Combining skill checks isn’t the only way to hack hack D&D’s skills. You can also split skills out into separate parts! Back in 3rd Edition, D&D used to have separate “listen” checks and “spot” checks.
This coalesced into one perception roll in 5th Edition.
Why would they do this? There’s a great reason, actually! When you make a player roll twice to accomplish the same task, they’re less likely to succeed. Effectively, you’re giving the player what we now know as “disadvantage.”
When 3e players had to make both a “move silently” check (to not be heard) and a “hide” check (to not be seen), we were basically making them roll with disadvantage (and split their skill points among different skills, but that’s another story).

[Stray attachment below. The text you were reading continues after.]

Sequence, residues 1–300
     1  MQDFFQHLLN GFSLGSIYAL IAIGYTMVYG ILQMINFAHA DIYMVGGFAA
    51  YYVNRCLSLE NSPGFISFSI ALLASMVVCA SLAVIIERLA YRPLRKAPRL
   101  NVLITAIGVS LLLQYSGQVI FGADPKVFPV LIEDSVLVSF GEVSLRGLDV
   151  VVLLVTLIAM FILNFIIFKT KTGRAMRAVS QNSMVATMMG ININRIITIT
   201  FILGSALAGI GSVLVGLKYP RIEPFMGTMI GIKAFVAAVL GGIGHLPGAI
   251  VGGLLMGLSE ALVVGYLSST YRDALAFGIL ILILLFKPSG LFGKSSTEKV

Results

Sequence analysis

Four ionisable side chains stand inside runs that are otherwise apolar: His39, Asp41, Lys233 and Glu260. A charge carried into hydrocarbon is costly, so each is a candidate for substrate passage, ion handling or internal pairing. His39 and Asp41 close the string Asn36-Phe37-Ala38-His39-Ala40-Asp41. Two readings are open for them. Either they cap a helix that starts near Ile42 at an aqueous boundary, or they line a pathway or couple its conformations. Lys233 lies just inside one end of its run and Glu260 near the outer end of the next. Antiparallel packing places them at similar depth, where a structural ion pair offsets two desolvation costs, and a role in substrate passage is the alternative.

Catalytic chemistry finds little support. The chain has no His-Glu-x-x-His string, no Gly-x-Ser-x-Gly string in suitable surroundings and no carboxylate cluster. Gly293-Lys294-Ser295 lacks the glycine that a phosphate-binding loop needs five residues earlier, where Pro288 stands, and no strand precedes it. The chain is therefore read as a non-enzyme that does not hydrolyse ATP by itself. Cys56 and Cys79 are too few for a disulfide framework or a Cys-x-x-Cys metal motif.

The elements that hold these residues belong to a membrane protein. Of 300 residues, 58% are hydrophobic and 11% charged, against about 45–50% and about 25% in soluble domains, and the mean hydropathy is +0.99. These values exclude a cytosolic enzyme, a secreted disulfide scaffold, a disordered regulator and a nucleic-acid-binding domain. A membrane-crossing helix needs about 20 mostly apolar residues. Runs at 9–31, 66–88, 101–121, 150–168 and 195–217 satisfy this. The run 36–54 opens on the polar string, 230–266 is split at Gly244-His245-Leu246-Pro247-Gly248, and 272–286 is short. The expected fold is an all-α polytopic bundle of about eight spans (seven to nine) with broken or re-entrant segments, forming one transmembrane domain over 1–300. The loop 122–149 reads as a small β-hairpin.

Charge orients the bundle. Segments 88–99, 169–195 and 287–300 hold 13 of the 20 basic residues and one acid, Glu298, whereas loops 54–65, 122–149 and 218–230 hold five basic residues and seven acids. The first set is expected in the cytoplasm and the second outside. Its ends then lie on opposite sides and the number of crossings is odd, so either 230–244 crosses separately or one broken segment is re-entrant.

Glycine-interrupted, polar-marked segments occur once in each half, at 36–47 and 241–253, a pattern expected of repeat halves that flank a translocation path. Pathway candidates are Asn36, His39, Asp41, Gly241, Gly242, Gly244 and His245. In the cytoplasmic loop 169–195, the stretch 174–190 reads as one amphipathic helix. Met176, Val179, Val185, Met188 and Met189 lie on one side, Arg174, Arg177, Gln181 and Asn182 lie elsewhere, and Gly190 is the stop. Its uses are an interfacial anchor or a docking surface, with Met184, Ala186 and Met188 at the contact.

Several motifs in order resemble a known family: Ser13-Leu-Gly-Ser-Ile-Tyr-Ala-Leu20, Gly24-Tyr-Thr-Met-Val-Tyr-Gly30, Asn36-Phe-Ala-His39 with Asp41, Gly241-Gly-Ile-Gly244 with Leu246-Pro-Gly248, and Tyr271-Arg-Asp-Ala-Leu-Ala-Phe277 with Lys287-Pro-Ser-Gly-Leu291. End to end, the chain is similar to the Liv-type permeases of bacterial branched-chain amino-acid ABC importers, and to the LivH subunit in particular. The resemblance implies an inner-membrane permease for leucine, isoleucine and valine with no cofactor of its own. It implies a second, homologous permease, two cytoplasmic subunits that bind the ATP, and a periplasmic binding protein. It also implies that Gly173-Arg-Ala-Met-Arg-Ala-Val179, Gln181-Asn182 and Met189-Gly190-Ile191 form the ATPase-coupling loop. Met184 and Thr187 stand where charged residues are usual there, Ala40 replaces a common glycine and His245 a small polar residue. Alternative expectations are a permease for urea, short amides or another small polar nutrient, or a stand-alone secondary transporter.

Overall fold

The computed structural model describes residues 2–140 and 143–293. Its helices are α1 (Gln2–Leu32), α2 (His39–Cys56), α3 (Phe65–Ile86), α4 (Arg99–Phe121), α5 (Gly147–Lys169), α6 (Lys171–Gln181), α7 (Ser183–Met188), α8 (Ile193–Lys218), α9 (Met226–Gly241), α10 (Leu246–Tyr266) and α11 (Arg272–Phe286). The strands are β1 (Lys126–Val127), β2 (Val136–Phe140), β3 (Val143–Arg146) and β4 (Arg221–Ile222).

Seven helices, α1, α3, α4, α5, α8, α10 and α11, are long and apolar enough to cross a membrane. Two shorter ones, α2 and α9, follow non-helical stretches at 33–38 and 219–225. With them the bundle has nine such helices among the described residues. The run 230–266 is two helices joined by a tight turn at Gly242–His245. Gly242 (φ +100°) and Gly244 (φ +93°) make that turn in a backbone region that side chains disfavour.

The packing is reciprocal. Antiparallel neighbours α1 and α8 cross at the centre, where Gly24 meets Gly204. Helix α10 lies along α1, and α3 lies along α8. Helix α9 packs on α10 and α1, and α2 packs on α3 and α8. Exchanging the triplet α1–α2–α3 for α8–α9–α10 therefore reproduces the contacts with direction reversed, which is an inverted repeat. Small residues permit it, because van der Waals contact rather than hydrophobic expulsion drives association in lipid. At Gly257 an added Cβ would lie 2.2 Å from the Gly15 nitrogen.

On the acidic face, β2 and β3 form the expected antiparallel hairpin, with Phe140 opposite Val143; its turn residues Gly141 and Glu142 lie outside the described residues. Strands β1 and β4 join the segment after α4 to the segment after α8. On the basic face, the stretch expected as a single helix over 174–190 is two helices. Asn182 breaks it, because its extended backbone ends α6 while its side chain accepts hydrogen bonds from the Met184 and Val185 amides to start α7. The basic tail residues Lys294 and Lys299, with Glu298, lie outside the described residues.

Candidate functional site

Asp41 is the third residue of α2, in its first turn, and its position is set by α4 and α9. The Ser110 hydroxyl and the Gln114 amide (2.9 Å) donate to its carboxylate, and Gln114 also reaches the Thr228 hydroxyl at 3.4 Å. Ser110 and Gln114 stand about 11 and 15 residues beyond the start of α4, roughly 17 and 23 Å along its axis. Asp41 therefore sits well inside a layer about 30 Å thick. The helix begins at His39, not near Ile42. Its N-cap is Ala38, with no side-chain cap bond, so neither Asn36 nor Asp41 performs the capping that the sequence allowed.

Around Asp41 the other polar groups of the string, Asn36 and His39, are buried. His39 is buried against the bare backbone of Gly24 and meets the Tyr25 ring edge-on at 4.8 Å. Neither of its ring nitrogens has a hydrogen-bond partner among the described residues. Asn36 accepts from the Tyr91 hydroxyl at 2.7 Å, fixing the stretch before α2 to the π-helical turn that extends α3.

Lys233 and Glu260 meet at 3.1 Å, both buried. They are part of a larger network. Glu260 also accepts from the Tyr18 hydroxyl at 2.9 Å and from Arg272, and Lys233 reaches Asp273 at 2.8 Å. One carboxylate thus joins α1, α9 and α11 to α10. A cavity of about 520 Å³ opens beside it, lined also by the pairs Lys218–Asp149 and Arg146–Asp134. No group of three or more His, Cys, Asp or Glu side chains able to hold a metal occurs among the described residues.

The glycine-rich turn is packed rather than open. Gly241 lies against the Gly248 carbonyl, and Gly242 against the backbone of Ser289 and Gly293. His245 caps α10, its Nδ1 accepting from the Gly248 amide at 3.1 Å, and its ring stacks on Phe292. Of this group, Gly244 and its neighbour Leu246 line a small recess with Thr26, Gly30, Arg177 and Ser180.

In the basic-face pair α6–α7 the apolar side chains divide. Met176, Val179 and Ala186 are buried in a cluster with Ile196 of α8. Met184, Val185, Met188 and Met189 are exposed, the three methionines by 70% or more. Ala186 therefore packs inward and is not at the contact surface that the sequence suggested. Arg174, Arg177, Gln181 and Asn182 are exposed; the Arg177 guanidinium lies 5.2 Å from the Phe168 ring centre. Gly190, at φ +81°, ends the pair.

What did we lose? When we dispense with granularity, we sacrifice mechanical opportunities to modulate the narrative. What’s the difference between…
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